‘FDI vital for sustained export growth’ | Sunday Observer

‘FDI vital for sustained export growth’

Expansion in exports backed by a vibrant manufacturing sector that promotes value added exports and slashing unnecessary consumption are key to address the weakening currency which is adversely impacting the trade balance and causing inflationary pressure, economists said.

In the same vein economists said sustained export growth requires foreign direct investments (FDI) an area that needs urgent attention.

Professor in Economics of the University of Colombo, Sirimal Abeyratne said growth can never be at a “sustainable higher rate” without export expansion.

However, without export expansion the exchange rate is on a long term downward path and is vulnerable to dollar appreciation. Therefore, export growth is a persistent challenge for Sri Lanka which continues to date. A major breakthrough in export growth requires investment so that the fundamental question remains to be answered “why investors are reluctant to invest in Sri Lanka?”

Former Central Bank Deputy Governor W.A. Wijewardena said the country needs to cut down on consumption to slash imports which is double the size of exports. Reduction in consumption similar to what Malaysia did in 1985 and in 1997 when it faced a currency crisis is crucial to dampen the impact of a weak currency in the country. Restructuring the manufacturing sector for value added exports need at least three to four years of lead time and had that taken place three years ago the country would have reaped the benefits today.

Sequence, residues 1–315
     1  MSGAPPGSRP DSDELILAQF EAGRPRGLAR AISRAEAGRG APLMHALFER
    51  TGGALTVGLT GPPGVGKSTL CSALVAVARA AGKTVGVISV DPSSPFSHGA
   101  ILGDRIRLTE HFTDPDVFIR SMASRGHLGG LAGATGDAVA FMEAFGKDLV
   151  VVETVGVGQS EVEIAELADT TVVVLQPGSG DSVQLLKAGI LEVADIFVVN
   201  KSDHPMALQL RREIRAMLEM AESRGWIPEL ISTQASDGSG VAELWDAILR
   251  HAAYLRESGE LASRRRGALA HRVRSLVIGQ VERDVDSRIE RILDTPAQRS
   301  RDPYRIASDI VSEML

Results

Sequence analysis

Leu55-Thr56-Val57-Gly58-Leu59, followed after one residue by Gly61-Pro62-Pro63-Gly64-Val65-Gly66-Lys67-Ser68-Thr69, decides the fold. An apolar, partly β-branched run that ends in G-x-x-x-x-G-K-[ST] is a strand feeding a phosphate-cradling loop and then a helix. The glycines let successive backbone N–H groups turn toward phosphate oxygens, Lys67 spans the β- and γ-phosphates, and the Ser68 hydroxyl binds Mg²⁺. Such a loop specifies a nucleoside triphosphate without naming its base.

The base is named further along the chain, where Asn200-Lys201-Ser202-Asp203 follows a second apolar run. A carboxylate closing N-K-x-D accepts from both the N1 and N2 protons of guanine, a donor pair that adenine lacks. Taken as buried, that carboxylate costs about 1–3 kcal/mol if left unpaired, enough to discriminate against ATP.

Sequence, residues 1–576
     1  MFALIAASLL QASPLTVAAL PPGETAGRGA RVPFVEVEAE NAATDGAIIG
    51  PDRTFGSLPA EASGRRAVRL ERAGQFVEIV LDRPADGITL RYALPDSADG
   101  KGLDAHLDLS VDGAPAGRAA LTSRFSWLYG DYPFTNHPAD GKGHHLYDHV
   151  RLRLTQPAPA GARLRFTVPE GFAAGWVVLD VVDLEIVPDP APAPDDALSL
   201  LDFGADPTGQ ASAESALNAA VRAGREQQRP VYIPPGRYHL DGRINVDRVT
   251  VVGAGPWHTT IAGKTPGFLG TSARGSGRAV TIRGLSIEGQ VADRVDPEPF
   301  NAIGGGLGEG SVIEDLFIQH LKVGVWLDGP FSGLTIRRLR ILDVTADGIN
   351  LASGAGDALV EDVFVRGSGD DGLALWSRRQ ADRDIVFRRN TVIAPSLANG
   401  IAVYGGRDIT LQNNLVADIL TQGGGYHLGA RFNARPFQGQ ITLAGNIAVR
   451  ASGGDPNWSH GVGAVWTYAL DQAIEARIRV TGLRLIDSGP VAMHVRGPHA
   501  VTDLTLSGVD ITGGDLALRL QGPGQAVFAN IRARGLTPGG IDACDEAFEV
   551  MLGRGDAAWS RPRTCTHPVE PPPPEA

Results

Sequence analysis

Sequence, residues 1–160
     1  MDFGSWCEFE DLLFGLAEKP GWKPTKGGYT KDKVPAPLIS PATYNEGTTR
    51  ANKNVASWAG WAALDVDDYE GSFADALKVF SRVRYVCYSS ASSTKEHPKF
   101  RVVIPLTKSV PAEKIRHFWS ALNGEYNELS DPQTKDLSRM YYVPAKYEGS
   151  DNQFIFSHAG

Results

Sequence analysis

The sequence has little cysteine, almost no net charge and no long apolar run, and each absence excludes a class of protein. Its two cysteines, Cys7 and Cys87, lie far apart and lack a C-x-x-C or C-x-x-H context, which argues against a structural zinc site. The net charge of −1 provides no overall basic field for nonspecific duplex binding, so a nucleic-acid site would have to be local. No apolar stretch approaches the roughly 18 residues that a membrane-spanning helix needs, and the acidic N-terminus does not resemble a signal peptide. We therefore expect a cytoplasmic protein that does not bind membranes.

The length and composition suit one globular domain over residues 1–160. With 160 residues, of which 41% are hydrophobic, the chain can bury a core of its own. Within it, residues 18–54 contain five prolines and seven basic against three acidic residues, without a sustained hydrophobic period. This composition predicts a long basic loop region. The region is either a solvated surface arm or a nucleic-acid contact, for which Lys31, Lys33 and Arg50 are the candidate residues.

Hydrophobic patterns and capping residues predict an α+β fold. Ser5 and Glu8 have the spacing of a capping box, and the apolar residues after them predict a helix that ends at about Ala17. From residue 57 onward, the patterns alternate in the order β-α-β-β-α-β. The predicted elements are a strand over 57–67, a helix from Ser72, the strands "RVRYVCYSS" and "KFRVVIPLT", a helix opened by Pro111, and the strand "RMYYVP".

He said the rupee has been on a downward trend since independence and added that the rupee which was Rs. 4.76 against the US$ in 1948 is today Rs. 162 against the greenback.

 The weak rupee widened the trade balance to $ 760 million in July this year. Despite the revival in exports reaching US$ 11.4 billion last year and surpassing imports for the first time in May this year the trade deficit has been widening throughout the year.

The rupee has weakened by around 5% so far this year, 2.5% last year and 3.9 % in the previous year. IPS Economist Kithmina Hewage said it is important to look at the depreciation of the rupee in context. The depreciation is not specific to Sri Lanka and is driven mainly by the strengthening of the US dollar due to increases in interest rates by the Federal Reserve.

Consequently, many frontier and emerging market currencies are facing an outflow, leading to depreciation. In fact, the Sri Lankan rupee has depreciated lesser than other emerging economies such as India Pakistan, Indonesia and Turkey. That said, the recent depreciation will have implications for the economy. Imports into Sri Lanka have been increasing in recent years and the depreciation of the rupee is likely to exert inflationary pressures on the economy since it increases the cost of imports. Moreover, the cost of borrowing and debt repayment will rise as well.In order to insulate itself against such external shocks or at least make it less vulnerable, it is vital that the Sri Lankan economy strengthen its export earnings whilst also creating a more conducive business environment that can attract FDI (Foreign Direct Investment), especially in tradable sectors.